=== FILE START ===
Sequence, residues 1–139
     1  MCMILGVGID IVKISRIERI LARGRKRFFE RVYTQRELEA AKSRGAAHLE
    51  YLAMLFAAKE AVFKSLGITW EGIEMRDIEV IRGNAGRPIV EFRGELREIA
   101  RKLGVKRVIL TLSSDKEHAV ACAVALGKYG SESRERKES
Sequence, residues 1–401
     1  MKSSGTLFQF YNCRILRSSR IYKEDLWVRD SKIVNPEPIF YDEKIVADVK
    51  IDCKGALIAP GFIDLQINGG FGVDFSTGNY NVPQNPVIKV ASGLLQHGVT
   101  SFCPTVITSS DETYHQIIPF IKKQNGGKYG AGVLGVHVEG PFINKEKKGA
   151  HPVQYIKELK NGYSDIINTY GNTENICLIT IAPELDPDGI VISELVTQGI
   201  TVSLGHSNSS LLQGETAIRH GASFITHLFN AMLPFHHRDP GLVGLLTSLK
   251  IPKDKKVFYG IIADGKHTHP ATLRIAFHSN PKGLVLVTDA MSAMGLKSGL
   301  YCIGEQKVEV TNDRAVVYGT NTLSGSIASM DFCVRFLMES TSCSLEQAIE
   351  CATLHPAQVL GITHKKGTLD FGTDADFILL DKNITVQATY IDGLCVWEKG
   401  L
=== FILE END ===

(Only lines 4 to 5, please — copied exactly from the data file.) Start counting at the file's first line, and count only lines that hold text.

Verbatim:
   101  RKLGVKRVIL TLSSDKEHAV ACAVALGKYG SESRERKES
Sequence, residues 1–401